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PLoS One. 2009 Oct 16;4(10):e7488. doi: 10.1371/journal.pone.0007488.

Msh2 blocks an alternative mechanism for non-homologous tail removal during single-strand annealing in Saccharomyces cerevisiae.

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  • 1Division of Molecular Biology, Beckman Research Institute, City of Hope National Medical Center, Duarte, California, United States of America.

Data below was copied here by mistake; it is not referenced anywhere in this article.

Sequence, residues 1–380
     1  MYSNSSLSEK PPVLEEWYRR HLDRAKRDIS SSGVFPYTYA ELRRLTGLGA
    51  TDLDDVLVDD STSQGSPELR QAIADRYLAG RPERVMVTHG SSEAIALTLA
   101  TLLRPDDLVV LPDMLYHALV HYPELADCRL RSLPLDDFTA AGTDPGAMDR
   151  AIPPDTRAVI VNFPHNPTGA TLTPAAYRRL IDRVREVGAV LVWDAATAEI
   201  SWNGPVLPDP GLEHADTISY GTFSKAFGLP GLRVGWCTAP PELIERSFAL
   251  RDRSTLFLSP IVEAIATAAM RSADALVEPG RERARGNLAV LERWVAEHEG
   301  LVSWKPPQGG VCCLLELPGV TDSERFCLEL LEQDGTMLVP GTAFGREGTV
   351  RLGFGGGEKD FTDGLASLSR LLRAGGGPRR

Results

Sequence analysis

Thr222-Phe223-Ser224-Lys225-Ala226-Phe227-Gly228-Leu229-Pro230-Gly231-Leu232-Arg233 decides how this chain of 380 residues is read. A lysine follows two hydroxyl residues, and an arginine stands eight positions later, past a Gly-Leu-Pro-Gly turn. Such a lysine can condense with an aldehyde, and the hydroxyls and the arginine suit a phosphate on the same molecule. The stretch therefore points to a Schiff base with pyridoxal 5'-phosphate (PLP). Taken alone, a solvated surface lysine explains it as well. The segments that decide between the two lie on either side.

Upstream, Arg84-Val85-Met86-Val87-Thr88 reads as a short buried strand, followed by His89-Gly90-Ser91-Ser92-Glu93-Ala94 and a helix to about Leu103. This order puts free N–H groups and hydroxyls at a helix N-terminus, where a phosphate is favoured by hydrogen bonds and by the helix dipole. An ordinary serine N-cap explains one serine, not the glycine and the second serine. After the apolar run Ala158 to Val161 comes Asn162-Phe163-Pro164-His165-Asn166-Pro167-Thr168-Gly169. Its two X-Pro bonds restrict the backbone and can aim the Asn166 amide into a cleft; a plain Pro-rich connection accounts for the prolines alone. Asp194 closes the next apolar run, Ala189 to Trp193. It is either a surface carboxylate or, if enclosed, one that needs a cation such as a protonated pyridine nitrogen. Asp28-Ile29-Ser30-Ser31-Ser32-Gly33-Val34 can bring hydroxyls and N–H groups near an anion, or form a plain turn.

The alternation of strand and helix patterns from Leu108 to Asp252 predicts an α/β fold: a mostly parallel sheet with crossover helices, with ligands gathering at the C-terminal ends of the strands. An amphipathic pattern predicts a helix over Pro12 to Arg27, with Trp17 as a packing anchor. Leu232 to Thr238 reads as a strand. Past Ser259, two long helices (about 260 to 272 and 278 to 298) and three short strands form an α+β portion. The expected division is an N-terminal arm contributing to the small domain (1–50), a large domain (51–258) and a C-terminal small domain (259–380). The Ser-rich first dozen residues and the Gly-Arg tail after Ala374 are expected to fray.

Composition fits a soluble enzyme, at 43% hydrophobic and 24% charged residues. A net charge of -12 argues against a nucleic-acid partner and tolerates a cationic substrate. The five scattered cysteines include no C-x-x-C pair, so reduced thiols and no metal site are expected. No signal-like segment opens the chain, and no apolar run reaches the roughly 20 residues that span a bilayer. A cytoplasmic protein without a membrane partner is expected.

Chromosomal translocations are frequently observed in cells exposed to agents that cause DNA double-strand breaks (DSBs), such as ionizing radiation and chemotherapeutic drugs, and are often associated with tumors in mammals. Recently, translocation formation in the budding yeast, Saccharomyces cerevisiae, has been found to occur at high frequencies following the creation of multiple DSBs adjacent to repetitive sequences on non-homologous chromosomes. The genetic control of translocation formation and the chromosome complements of the clones that contain translocations suggest that translocation formation occurs by single-strand annealing (SSA). Among the factors important for translocation formation by SSA is the central mismatch repair (MMR) and homologous recombination (HR) factor, Msh2. Here we describe the effects of several msh2 missense mutations on translocation formation that suggest that Msh2 has separable functions in stabilizing annealed single strands, and removing non-homologous sequences from their ends. Additionally, interactions between the msh2 alleles and a null allele of RAD1, which encodes a subunit of a nuclease critical for the removal of non-homologous tails suggest that Msh2 blocks an alternative mechanism for removing these sequences. These results suggest that Msh2 plays multiple roles in the formation of chromosomal translocations following acute levels of DNA damage.

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